|Received:||7/17/2006 1:46:22 PM|
|Organization:||Americans for Tax Reform|
|Subject:||Business Opportunity Rule|
|Title:||Notice of Proposed Rulemaking|
|CFR Citation:||16 CFR Part 437|
|Attachment:||522418-11597.pdf Download Adobe Reader|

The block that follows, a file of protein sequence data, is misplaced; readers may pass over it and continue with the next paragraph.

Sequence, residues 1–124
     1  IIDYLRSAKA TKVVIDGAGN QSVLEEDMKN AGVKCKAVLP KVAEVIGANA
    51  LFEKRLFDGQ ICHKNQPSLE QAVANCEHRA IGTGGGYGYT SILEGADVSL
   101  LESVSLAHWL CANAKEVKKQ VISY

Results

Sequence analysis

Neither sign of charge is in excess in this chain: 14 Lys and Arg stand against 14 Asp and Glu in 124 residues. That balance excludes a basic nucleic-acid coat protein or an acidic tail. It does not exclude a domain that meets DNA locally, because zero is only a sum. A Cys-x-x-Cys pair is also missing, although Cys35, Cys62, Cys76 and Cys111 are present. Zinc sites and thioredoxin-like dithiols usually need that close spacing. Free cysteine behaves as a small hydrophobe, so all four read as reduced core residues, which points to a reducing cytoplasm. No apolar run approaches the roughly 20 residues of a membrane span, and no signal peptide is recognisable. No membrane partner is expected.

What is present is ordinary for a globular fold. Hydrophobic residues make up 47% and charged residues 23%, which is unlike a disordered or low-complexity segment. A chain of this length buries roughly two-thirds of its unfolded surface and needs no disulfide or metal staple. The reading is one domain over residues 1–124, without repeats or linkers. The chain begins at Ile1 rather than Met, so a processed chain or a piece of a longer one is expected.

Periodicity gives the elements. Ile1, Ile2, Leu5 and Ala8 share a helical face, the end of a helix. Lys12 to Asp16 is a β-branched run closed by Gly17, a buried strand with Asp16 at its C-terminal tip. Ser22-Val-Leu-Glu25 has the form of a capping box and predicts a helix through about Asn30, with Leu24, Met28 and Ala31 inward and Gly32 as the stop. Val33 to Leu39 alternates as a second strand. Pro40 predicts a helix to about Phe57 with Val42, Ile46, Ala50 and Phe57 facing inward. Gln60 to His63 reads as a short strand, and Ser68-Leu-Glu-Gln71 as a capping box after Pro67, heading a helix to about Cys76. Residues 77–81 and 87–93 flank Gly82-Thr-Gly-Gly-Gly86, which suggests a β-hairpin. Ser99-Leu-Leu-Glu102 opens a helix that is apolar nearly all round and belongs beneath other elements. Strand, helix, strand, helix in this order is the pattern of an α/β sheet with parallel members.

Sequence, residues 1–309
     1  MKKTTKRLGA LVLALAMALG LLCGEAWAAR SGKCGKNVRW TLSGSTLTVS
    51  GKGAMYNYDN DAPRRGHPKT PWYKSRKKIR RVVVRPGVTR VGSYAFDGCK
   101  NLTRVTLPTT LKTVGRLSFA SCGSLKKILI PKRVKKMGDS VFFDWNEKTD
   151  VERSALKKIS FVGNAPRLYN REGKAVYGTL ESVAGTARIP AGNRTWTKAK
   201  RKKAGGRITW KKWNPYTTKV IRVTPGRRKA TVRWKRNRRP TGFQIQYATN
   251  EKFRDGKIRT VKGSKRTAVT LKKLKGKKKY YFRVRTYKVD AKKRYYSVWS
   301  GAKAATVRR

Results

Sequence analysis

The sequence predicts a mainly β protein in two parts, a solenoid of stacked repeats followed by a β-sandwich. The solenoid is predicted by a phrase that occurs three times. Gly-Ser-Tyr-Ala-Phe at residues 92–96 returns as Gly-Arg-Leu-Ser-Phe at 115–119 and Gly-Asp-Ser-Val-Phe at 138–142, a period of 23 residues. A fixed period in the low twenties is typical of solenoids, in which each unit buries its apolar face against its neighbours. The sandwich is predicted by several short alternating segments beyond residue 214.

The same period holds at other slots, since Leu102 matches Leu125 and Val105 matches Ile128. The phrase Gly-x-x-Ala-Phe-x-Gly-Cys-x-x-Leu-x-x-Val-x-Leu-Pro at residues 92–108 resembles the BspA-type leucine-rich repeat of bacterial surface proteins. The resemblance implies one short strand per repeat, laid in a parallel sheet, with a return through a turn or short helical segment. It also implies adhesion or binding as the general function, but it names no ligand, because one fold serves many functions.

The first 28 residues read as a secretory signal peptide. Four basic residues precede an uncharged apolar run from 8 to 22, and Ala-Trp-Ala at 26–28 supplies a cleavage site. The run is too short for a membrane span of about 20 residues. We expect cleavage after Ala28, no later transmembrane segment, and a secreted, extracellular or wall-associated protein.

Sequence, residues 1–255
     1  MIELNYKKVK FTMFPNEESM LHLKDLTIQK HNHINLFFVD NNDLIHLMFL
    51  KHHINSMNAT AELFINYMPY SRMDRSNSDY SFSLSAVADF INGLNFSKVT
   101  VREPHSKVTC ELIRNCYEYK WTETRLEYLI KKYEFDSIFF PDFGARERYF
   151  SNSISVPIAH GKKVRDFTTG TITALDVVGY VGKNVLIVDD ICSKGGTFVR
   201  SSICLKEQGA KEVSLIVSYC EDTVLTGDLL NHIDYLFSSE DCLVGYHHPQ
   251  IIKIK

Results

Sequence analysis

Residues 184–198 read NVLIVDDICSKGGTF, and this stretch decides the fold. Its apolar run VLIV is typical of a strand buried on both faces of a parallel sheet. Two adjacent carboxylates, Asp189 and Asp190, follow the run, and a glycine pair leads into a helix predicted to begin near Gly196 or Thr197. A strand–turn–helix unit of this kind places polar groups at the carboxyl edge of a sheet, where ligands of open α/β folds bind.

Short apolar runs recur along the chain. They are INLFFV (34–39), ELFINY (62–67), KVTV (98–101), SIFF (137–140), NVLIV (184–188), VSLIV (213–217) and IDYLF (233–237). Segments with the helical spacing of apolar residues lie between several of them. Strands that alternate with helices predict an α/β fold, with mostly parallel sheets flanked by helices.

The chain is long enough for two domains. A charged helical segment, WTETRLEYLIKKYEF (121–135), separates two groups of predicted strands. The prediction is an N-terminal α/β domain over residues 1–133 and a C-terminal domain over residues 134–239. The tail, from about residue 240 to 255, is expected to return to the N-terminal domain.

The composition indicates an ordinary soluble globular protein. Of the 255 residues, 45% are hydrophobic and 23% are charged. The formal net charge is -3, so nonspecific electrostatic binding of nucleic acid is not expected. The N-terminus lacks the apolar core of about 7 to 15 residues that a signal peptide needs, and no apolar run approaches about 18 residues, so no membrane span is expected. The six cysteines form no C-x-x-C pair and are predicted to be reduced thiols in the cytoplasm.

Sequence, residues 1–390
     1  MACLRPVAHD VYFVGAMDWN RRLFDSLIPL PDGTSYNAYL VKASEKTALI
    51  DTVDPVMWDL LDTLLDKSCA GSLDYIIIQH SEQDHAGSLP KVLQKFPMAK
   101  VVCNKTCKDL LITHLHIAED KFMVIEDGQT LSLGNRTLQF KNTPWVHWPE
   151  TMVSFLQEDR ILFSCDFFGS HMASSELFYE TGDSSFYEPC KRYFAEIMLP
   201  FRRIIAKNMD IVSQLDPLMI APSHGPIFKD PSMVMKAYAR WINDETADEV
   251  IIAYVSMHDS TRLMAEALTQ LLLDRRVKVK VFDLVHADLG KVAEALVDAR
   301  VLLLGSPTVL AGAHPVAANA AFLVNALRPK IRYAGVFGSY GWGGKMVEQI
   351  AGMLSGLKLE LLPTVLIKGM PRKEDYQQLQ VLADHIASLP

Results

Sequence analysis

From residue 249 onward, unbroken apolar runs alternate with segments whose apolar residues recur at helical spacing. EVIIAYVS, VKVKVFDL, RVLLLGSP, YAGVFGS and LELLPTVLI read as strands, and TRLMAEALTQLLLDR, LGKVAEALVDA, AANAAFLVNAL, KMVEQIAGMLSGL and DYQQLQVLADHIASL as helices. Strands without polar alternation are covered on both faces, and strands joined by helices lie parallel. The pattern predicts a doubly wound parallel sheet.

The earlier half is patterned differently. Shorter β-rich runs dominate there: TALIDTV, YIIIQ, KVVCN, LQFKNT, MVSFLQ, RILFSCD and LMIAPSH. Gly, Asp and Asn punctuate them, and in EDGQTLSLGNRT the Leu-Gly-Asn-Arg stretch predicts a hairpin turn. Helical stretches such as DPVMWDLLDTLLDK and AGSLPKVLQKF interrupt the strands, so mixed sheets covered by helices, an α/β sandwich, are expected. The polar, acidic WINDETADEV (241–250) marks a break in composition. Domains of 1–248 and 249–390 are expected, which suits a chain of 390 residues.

Comments:I am writing in response to the proposed New Business Opportunity Rule R511993. This new rule, although well-intended, represents a significant burden to the free market trade and if not modified, will be a significant impediment and burden to the network marketing industry. The proposed rule would require a de facto seven day waiting period to enroll new distributors. In essence, one would have to sell a person twice on the same business—even if the start-up fee is a mere $19.95. I strongly oppose a seven-day waiting period because it is excessive burden to any company and distributor and an impediment to new business development. In addition, the burden of having to maintain these records for three years is extreme. The rule requires that any earnings claim statement made by the distributor or company to a prospect, whether written or oral, general or specific, be validated with a detailed “Earnings Claims Statement Required By Law.” The distributor would be required to provide written substantiation of any earnings claim made upon request. Providing written substantiation is an excessive burden considering the investment of money to enter into the business is nominal and I recommend eliminating this requirement. The rule also calls for the release of any information regarding prior litigation and civil or criminal legal actions involving misrepresentation, or unfair or deceptive practices, even if you were found innocent. In our lawsuit-happy culture, anyone can be sued for anything almost with impunity. Irregardless of the outcome, you would have to disclose it and explain it to a new business associate which is patently unfair. I would support the disclosure of previous litigation involving fraud and misrepresentation only if the party is found guilty. If the defendant is found not guilty, the opposing parties agreed to settle without admission of guilt or the case is still pending, then it should not be necessary to disclose this information and the requirement should be modified. Lastly, the rule requires the disclosure of a minimum of 10 purchasers closest to you. While it is a good practice to provide references of satisfied customers, this is a burden for small businesses and, as a requirement, is a violation of personal confidentiality. This rule would also subject customer to cross-marketing by competitors. Contact information for purchasers should only be available upon request. I understand and value the role of the FTC mission “to stand up for America’s free market process and for its consumers, who beneﬁt from competitive markets in which truthful information ﬂows.” However, I believe this proposed new rule exceeds what is necessary and needs significant modification. If not modified significantly, this rule would have a chilling effect on an industry which contributes nearly $30 billion annually to our economy. It would devalue the stock of those direct selling companies that are publicly traded on Wall Street and will also discourage people from joining the ranks of the more than 13 million people who participate in network marketing.